Monday, April 03, 2017

Quote of the Day (31)

It helps to know what we’re looking at.
Figures of speech in the Bible have limits, as most people who are regularly obliged to listen to sermons are well aware.

A word picture is a helpful way to describe a particular aspect of a spiritual reality. Unsurprisingly, we find the word of God to be full of them: images from the parables of the Lord Jesus, the poetic metaphors of the Psalms, the similes of Isaiah or the illustrations of the apostles — lovely, practical stuff sufficiently simple and clear to express profound truths even to our children.

Taken beyond their intended range, however, these figures quickly devolve into goofiness and bad doctrine.

Points of Agreement

What I’m calling “range” others may refer to as “scope” or “specific points of agreement”. Louis Berkhof gives some sound advice on correctly understanding biblical metaphors in his book Principles of Biblical Interpretation:
“When the Biblical authors employed such figures as metaphors, they generally had some specific point or points of agreement in mind. And even if the interpreter can find still more points of agreement, he must limit himself to those intended by the author. In Rom. 8:17, Paul says, in a transport of assurance: ‘And if children, then heirs; heirs of God and joint heirs with Christ.’ It is perfectly evident that he refers to the blessings which believers receive with Christ from their common Father. The metaphor contained in the word ‘heir’ would be pressed too far, if it were made to imply the death of the Father as the testator. How dangerous it would be to apply a figure in all particulars appears very clearly from a passage like Rev. 16:15, where we read: ‘Behold, I come as a thief.’ The connection will generally determine in each particular case how far a figure should be applied.”

In What Way?

To get the intended meaning from a metaphor, we must ask ourselves in what way ‘X’ is like ‘Y’. It is inarguable, for instance, that the figure of a lamb is used frequently to depict Messiah in scripture. The image provides us with useful insight into certain aspects of the character and work of the Lord Jesus. He was like a lamb in his meekness and silence before his accusers. He was like a lamb with respect to the acceptability and efficacy of his sacrifice to God. These are specific points of agreement between the picture and the reality.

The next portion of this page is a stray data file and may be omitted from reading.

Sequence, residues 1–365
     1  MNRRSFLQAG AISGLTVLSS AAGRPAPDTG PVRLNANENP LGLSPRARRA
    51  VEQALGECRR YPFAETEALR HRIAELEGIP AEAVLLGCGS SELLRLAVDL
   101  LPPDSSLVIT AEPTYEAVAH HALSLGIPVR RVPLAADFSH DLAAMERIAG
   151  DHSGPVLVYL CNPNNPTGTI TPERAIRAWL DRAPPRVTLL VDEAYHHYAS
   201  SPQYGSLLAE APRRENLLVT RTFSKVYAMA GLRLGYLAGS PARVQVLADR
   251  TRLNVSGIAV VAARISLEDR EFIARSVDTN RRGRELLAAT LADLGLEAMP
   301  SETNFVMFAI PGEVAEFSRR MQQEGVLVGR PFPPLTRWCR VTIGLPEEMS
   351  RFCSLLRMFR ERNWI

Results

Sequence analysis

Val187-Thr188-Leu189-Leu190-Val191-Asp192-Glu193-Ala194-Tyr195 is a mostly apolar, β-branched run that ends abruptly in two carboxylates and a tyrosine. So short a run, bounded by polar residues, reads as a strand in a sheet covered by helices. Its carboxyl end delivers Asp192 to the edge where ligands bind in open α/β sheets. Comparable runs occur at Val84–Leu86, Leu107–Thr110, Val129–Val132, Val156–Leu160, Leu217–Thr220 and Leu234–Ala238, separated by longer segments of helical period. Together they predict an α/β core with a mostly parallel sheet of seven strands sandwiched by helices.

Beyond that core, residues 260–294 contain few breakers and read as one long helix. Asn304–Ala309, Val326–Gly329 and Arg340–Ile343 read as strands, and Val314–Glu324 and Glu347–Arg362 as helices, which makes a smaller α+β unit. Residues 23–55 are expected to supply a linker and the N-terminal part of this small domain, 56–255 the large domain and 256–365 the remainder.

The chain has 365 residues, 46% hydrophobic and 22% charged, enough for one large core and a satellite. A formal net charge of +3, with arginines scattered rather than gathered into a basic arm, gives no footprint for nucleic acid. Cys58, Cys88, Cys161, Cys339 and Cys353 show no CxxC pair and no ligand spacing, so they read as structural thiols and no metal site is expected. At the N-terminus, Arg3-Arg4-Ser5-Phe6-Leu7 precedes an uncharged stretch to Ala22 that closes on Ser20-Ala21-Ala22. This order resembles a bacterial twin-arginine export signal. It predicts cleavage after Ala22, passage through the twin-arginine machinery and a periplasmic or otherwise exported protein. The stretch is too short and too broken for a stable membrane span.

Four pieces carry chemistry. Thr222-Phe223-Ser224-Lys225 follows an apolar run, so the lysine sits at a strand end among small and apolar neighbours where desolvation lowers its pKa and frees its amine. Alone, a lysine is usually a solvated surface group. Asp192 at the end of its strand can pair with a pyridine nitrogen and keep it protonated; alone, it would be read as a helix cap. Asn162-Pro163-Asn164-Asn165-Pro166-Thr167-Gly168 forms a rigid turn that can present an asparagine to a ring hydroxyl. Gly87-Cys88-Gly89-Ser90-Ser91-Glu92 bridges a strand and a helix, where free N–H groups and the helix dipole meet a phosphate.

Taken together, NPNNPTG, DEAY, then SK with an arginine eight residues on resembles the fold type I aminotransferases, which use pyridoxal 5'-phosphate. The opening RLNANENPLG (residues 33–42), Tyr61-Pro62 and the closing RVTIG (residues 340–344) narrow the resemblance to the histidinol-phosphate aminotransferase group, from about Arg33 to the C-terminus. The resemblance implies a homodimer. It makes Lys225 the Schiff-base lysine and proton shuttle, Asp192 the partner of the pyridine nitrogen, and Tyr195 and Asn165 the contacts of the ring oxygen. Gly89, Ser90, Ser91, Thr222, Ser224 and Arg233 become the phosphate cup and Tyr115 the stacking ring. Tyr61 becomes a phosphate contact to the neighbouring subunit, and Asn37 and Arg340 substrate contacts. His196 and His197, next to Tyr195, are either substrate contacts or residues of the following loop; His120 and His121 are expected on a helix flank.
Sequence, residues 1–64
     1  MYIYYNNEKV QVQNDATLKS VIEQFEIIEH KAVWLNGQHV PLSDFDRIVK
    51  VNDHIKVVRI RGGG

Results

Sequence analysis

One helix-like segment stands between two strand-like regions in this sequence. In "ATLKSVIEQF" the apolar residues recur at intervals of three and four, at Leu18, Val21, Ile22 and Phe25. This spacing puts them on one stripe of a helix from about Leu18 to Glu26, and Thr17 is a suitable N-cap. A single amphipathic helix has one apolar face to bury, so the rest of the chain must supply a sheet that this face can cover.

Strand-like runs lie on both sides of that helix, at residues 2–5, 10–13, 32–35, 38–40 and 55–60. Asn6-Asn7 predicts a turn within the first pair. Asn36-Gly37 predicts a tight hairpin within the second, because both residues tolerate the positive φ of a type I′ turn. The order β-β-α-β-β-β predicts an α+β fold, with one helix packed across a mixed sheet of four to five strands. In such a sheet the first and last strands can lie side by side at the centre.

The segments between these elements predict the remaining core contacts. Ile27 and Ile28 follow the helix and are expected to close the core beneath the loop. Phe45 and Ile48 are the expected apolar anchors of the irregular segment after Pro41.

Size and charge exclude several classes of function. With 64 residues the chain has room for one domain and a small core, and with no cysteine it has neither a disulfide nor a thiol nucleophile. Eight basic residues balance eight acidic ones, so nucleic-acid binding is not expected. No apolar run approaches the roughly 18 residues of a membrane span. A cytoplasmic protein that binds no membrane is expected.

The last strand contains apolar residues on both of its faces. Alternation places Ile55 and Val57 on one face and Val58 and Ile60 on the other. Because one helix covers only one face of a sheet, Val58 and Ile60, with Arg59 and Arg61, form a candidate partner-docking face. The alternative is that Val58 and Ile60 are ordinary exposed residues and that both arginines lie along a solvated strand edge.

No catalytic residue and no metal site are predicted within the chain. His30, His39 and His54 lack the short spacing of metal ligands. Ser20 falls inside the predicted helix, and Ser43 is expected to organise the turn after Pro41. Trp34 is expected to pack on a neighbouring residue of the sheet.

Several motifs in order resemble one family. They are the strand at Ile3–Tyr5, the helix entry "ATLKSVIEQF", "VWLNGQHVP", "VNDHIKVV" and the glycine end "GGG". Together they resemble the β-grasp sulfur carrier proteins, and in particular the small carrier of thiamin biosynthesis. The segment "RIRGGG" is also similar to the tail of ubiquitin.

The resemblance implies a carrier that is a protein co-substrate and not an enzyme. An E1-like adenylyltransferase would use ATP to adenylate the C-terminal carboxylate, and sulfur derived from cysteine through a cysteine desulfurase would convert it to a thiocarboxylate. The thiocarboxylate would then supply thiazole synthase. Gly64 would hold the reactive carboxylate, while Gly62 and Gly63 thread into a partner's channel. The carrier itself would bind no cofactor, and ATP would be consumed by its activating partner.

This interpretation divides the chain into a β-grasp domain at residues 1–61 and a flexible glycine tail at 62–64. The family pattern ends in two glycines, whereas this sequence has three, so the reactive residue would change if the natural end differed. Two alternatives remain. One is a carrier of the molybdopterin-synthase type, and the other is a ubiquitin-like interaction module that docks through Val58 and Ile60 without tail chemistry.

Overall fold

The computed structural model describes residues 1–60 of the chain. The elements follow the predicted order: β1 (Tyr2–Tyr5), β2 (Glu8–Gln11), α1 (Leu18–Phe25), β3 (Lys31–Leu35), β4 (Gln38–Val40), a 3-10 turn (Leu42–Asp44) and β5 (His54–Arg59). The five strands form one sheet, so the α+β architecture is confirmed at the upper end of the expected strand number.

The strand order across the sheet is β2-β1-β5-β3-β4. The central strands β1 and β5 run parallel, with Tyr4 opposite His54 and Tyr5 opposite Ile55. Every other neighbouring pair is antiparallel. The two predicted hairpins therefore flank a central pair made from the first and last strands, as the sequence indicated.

But we cannot make all points agree, can we? Some things about the picture simply do not fit the reality. Sheep go astray. They turn every one to their own way, as we are pointedly told. That wasn’t the Lord at all. Further, the chosen image is often quite inadequate to fully express reality. When we want to talk about the Lord’s power and regal splendor, the image of a lion is a better choice. The lamb simply will not do to remind us of that aspect of him.

That’s not to suggest the choice of picture was a mistake. God doesn’t do mistakes. But we should not try to force a mere illustration to tell us things it was never designed to convey.

What Are We Talking About?

There is also a very basic question that we sometimes forget to ask when we are dealing with word pictures, and that is What or whom are we actually talking about? What exactly do these images depict?

Sometimes, the answer to this question is obvious from the passage. When the Lord tells his disciples, “Be wise as serpents and innocent as doves,” the context in Matthew 10 shows that the “you” in the passage refers first and foremost to his twelve disciples, then later all those who would serve as his testimony within the “towns of Israel” throughout history up to his return. We Gentile Christians are not wrong to appropriate the simile — at least to the extent that wisdom and innocence should certainly characterize all believers, as other passages of scripture amply demonstrate. But the command was not initially addressed to us.

Other times, the question of what reality a specific bit of figurative language is intended to address is much more difficult to discern from context. We should be cautious about applying such illustrations too broadly. “I take it to mean this,” is not a completely useless statement, but it lacks much-needed authority.

If we want to really understand spiritual imagery, we need to recognize these sorts of limitations and ask these sorts of questions. Otherwise, the lessons we enthusiastically share from parables and Psalms are more likely to be the product of fevered imagination than careful dividing of the word of truth.

No comments :

Post a Comment